Careful planning for the future has never been one of my biggest virtues, but I did come to Cambodia with a plan. In fact, I even had a back-up plan. In 2004, I took a $3000+ course in teaching English as a Second Language (TESL). Fortunately, I managed to find work in Australia for the better part of the year before I hit the road, so the course was not a complete waste of money.
When Plan A, to build and sell houses, fell flat, I confidently set out to find a job teaching English. I found none. I also found out that if I was “lucky” enough to find a job, the pay would be pathetic. It was time for Plan C, but I hadn’t yet formulated a Plan C.
Fate stepped in and in a roundabout way introduced me to the world of freelance writing. Rather than repeat myself, you can read all about it on my other blog in the post titled Starting from Scratch – My Freelance Writing Career. The title says it all: I started at rock bottom and worked my way up to the point where now I’m doing okay.
Freelance travel writing is an enticing career prospect for backpackers and expats. I know this because I used to do travel blog reviews and just about every backpacker’s travel blog started out stating an intention to make money travel writing as they made their way around the world. Later on, they wrote about getting gigs as teachers and living on a bowl of rice a day while they saved up for their next adventure or getting free accommodations in exchange for waitressing or bartending, but rarely about their fantastic success as freelance writers.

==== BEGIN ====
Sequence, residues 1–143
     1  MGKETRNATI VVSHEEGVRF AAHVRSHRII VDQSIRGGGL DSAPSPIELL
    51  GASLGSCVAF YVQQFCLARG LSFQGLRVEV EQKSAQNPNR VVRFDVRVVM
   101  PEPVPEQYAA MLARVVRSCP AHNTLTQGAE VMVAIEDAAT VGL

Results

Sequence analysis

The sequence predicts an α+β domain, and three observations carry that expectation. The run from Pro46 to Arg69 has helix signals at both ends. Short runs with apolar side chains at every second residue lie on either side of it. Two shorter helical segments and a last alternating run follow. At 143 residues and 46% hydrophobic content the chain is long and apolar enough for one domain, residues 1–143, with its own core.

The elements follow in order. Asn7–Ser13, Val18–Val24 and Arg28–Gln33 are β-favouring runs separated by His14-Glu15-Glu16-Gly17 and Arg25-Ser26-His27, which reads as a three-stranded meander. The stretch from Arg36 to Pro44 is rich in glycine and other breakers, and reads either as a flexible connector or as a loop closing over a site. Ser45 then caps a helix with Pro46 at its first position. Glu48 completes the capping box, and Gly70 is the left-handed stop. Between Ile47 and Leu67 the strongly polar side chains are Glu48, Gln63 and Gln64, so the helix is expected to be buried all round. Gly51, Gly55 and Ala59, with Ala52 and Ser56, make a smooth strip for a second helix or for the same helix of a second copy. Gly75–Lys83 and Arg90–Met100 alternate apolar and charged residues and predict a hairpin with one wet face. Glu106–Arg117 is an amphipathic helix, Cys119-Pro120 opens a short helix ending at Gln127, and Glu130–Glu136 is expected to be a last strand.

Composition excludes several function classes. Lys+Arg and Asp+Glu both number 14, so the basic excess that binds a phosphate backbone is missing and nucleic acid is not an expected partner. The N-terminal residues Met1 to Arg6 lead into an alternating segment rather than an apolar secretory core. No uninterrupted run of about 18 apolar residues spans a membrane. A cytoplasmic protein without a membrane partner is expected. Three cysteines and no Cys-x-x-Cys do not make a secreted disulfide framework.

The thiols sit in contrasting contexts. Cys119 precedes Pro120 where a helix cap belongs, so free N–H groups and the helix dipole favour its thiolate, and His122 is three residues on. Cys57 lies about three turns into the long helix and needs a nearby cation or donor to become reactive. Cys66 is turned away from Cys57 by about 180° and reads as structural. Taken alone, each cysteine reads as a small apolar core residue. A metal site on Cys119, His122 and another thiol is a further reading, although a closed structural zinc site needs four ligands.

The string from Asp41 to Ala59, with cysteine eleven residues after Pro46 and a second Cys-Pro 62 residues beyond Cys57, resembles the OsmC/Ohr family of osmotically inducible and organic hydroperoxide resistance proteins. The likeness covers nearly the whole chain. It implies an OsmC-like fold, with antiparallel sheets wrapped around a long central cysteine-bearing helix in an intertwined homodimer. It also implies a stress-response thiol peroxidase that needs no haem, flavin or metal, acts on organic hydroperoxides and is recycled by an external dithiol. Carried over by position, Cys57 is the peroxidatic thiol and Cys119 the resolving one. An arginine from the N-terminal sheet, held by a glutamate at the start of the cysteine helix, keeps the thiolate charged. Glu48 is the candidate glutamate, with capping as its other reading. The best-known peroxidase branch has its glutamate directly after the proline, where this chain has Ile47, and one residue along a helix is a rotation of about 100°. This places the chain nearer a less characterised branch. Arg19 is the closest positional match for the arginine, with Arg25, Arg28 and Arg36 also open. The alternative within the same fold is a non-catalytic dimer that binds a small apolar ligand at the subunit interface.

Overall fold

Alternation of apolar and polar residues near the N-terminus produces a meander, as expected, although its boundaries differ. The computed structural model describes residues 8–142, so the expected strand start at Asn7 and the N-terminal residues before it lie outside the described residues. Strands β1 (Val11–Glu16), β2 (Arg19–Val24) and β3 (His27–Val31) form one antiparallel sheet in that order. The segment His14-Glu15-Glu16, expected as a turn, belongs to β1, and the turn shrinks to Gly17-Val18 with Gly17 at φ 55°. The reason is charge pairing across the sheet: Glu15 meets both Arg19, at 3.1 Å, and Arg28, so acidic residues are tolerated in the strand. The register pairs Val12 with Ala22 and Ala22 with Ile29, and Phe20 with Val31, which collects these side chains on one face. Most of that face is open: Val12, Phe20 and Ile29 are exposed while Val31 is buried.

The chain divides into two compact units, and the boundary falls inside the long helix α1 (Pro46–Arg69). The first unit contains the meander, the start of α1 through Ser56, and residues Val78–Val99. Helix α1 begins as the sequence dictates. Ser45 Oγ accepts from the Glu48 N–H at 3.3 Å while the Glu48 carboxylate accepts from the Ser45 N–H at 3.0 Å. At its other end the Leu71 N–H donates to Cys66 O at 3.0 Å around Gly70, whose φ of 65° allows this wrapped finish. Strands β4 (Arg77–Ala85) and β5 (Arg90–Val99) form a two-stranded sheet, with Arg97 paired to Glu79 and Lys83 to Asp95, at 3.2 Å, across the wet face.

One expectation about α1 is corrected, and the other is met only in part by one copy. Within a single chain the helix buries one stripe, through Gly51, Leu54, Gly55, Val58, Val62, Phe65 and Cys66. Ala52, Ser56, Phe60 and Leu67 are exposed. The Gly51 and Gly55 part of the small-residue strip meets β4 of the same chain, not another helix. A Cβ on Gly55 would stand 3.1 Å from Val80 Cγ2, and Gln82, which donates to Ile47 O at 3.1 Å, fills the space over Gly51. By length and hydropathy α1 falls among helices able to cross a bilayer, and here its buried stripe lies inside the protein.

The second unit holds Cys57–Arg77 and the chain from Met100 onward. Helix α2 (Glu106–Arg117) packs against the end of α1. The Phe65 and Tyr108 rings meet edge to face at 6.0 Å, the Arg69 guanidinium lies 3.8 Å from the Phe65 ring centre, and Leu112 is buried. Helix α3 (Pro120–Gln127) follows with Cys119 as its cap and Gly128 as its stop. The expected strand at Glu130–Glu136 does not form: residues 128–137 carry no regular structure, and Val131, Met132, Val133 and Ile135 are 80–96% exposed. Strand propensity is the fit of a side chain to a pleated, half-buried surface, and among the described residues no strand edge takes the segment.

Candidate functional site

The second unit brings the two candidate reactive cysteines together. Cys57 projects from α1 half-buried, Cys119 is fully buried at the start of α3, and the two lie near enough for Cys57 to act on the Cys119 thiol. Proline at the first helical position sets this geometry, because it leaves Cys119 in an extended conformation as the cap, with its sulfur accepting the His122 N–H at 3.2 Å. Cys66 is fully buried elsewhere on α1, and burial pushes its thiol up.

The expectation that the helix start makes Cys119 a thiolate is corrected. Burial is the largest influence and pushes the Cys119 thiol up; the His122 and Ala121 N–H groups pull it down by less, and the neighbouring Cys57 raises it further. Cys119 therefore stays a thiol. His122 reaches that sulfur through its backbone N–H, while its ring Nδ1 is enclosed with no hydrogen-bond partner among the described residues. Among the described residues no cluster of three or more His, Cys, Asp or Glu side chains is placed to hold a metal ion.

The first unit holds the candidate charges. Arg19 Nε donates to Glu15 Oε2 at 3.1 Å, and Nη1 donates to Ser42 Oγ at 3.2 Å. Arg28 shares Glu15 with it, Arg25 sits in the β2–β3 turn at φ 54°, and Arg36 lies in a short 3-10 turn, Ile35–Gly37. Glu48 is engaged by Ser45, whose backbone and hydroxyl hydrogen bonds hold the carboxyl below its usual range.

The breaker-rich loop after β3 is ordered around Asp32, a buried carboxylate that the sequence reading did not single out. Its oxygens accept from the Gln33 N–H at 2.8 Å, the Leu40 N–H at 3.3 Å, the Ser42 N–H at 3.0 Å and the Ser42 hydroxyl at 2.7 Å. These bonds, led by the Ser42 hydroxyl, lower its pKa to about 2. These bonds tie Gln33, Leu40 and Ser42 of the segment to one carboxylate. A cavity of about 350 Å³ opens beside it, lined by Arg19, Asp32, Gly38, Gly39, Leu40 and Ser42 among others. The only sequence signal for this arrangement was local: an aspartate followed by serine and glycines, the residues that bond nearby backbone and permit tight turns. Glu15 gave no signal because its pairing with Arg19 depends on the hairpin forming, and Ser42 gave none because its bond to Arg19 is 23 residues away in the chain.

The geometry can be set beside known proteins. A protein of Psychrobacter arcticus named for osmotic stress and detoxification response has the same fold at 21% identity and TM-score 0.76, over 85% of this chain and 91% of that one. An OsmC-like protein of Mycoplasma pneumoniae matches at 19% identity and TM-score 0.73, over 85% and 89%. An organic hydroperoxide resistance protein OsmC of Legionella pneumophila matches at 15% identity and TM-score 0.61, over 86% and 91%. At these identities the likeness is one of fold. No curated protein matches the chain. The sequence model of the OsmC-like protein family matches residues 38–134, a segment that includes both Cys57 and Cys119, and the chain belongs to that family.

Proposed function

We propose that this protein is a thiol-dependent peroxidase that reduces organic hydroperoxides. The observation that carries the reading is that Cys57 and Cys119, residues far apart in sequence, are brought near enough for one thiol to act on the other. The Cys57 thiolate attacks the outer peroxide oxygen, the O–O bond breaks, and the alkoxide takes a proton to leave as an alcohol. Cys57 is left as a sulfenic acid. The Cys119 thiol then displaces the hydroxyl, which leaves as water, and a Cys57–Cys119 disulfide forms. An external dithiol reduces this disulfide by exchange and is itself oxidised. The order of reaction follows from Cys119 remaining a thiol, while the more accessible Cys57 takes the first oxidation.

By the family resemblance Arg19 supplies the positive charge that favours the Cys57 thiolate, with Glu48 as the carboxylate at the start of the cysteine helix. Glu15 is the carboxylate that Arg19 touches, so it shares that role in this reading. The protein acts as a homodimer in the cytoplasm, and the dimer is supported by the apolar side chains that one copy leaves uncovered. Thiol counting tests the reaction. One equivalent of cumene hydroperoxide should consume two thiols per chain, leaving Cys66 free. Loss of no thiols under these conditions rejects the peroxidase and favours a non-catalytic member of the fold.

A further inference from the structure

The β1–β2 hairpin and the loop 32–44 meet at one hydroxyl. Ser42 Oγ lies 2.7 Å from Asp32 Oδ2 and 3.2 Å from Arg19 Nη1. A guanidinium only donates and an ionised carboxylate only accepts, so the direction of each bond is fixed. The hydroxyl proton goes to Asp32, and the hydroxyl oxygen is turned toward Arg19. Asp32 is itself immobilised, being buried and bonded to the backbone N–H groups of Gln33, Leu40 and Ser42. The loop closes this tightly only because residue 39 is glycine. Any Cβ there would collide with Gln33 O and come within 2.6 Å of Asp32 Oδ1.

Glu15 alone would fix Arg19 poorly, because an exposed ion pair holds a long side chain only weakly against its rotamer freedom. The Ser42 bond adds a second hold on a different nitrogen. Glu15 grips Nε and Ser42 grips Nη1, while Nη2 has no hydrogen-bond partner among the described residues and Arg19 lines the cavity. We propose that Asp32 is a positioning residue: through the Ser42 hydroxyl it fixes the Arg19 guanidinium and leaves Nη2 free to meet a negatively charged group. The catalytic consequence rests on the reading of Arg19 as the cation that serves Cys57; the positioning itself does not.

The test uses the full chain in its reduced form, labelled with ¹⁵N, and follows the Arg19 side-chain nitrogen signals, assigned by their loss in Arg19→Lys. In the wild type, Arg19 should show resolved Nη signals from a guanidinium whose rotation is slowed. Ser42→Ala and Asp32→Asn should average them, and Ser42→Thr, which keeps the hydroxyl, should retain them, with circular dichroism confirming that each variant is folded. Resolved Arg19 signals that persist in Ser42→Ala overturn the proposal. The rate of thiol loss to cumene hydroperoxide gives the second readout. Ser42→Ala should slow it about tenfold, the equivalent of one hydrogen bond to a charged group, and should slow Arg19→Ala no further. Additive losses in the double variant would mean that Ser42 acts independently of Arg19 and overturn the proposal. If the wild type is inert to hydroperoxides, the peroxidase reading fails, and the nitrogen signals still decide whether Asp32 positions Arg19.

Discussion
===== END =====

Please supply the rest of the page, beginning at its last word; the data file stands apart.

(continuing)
The problem is, millions of people travel, but few have the requisite skills or determination to make a living as freelance travel writers or freelancers of any other description, for that matter. How do you find a potential buyer for your work? How do you go about pitching yourself? Is your subject matter original enough to compel a publisher to overlook all your grammatical errors and accept your submission? For that matter, how do you find publishers to submit to? These are just a few of the questions you need to ask yourself before you decide you’re going to make freelance travel writing your career or even part-time career.
Both here and on my other blog, Writing Resources, I am often asked, “How did you do it?” Well, although I’m a college dropout, I did major in English and developed my writing skills there. I did some freelance writing for print publications over the years, so was relatively confident in my abilities when I started writing full-time. However, I didn’t know where or how to find assignments online, so I started my new career from rock bottom. It was a painful process.
Just as my $3000 TESL course ultimately got me a job as a teacher of English as a second language in Australia, I seriously believe the MatadorU Travel Writing Course can help you launch your writing career – but only if you’re serious. It’s not one of those idiotic “How to make a 6 figure income as a freelance writer” ebooks, but a comprehensive course of study that can get you started in the right direction. It also costs a lot less than my TESL course did and you won’t have to attend classes in person. Check it out.
In the battle between freelance writing versus teaching English, writing was the hands down winner for me. It may or may not be for you, but if something about it really grabs you, go for it.